minutes before kickoff, every Texas players touches Freddie with the Longhorn salute. In effect,

they are carrying part of Freddie into battle. It is one of the university's most respected traditions.

Mack Brown wrote in the foreword to Courage Beyond The Game, "In his short time at

Texas, Freddie became a hero. Not necessarily for what he did, although he was a fine player,

but for who he was."

Coming out of high school and enrolling at The University of Texas in the fall of 1967,

Steinmark provided an underdog story that touched every heart. Not a single big-time football

program recruited the feisty scatback in spite of his selection for the Denver Post's Golden

Helmet Award as the best high school scholar/football player in Colorado. That was before

Coach Darrell Royal studied film of the diminutive Steinmark and decided to take a chance.

Royal dispatched Assistant Coach Fred Akers on a fact-finding mission to Steinmark's

hometown of Wheat Ridge, Colorado. Akers knocked on the door, and a slight youngster greeted

him with a big smile. Akers actually thought it was Steinmark's younger brother, Sammy, six

years his junior.

On his recruiting trip to Austin, Steinmark wore high-heeled cowboy boots, hoping he

would look taller. He stood 5 feet, 9 inches and weighed 150 pounds.

When he sat down on the other side of Royal's long oaken desk, he could barely believe

what the coach said.

"Son, let me tell you something very interesting," Royal said. "I didn't get to the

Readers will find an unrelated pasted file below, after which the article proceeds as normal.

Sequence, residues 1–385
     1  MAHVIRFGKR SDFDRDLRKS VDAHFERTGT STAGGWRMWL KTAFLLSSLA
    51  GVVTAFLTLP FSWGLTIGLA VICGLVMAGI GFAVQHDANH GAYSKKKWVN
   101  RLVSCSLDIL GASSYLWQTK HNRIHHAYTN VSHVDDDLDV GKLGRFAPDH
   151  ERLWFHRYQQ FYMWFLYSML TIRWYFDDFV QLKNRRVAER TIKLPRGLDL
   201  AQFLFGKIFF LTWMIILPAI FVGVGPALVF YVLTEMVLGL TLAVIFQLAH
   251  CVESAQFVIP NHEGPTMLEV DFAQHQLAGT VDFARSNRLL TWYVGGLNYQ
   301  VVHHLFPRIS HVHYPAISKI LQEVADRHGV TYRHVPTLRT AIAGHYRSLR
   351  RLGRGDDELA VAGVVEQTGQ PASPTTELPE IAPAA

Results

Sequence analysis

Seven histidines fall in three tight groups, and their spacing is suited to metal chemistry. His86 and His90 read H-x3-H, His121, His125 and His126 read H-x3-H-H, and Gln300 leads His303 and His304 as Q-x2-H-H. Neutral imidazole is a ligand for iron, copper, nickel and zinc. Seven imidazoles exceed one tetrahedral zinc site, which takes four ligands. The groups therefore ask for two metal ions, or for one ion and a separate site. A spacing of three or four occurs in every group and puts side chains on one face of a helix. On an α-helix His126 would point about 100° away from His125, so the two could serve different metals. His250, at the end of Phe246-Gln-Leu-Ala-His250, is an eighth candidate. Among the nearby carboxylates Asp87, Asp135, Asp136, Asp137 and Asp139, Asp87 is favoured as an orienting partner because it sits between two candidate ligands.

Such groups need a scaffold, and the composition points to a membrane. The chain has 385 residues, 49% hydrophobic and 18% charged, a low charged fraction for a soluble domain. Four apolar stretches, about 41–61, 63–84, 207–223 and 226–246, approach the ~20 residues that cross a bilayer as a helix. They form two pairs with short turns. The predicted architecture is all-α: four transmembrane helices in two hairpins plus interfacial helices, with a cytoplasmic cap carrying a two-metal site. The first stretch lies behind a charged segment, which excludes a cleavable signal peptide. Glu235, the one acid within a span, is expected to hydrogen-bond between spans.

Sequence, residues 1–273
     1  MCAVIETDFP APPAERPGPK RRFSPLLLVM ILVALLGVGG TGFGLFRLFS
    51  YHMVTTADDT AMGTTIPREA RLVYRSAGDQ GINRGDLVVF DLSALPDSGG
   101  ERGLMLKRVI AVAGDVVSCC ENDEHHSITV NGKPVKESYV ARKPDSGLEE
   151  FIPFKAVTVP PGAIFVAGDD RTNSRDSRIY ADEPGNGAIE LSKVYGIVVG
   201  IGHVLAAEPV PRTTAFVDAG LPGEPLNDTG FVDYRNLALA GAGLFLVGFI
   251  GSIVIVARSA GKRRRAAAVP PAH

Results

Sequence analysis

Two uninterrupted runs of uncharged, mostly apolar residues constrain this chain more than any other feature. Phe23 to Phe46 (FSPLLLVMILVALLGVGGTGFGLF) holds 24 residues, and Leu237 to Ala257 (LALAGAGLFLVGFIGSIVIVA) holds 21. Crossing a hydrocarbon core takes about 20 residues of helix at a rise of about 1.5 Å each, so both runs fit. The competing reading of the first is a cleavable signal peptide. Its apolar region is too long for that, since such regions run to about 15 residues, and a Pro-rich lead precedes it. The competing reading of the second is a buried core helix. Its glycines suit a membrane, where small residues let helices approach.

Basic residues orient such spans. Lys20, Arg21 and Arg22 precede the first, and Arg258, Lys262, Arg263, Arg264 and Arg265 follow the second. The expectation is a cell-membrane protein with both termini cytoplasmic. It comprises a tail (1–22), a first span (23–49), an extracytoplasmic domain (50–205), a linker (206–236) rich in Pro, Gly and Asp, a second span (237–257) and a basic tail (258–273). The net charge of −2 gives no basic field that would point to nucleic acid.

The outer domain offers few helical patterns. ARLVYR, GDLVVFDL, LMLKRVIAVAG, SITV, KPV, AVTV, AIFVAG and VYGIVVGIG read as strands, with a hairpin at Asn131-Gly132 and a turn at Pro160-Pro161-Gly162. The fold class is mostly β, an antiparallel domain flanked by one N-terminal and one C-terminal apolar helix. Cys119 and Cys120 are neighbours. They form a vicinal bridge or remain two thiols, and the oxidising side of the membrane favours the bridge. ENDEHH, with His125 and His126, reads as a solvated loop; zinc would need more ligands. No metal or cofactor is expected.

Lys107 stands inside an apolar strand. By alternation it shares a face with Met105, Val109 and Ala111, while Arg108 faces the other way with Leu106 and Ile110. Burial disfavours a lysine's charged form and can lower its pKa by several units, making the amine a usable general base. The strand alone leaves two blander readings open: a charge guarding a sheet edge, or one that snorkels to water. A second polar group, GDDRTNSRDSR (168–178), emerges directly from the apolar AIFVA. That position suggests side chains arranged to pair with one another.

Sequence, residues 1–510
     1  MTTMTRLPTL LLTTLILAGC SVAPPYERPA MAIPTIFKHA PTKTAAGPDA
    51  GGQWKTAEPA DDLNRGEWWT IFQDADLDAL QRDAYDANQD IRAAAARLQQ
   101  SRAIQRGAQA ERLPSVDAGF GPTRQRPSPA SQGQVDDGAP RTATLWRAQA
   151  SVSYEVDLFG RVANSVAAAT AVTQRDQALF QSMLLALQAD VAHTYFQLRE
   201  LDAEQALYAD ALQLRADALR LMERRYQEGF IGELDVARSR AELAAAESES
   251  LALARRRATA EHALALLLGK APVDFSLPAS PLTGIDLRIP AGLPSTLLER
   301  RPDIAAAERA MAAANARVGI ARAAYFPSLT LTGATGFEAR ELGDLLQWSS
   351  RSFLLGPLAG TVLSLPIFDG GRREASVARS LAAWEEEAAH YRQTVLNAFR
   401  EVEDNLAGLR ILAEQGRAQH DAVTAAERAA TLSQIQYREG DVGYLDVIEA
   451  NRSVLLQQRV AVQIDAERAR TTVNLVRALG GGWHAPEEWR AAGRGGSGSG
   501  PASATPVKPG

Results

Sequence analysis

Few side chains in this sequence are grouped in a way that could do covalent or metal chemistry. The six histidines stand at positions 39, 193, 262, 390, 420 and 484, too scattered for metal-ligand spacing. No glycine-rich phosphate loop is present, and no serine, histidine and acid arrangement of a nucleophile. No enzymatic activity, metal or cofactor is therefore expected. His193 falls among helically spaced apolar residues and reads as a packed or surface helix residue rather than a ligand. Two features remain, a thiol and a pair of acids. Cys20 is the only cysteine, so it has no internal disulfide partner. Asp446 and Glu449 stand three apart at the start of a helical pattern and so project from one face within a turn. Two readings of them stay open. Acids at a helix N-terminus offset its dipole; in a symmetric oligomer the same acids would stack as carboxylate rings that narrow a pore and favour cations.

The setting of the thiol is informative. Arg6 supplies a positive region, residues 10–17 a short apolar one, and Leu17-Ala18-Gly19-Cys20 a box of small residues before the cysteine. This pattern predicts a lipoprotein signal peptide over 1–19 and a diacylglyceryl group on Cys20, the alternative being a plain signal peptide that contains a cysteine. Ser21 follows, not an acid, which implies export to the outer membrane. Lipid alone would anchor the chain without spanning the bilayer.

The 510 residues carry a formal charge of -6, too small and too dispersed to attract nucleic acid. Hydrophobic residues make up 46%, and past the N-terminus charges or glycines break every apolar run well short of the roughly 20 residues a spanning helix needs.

University of Oklahoma until I was 25 years old because of the war. I was just about your size. I

quarterbacked the Oklahoma Sooners to a national championship one year. On defense, I broke

the record for interceptions. I don't care how big you are."

That day, Steinmark committed to UT and made a vow to himself that he would start

every game. He did not care how high the odds were stacked. When Steinmark arrived for fall

practice, sophomore rover Mike Campbell mistook him for a team manager.

"The kid looked like he was 15 years old," Campbell recalled.

That was before Steinmark was issued a uniform and began knocking freshman

teammates all over the field.

Playing for the Yearlings (the freshman team's mascot) during an unbeaten five-game

schedule, Steinmark led the Southwest Conference (SWC) in interceptions with four. During a

45-0 victory over Texas A&M University in the season finale, Steinmark returned a punt 76

yards for a touchdown.

Everything was clicking for the young man with the warm smile and bright, sparkling

eyes. He strolled the campus with his blonde-haired, blue-eyed girlfriend, Linda Wheeler, whom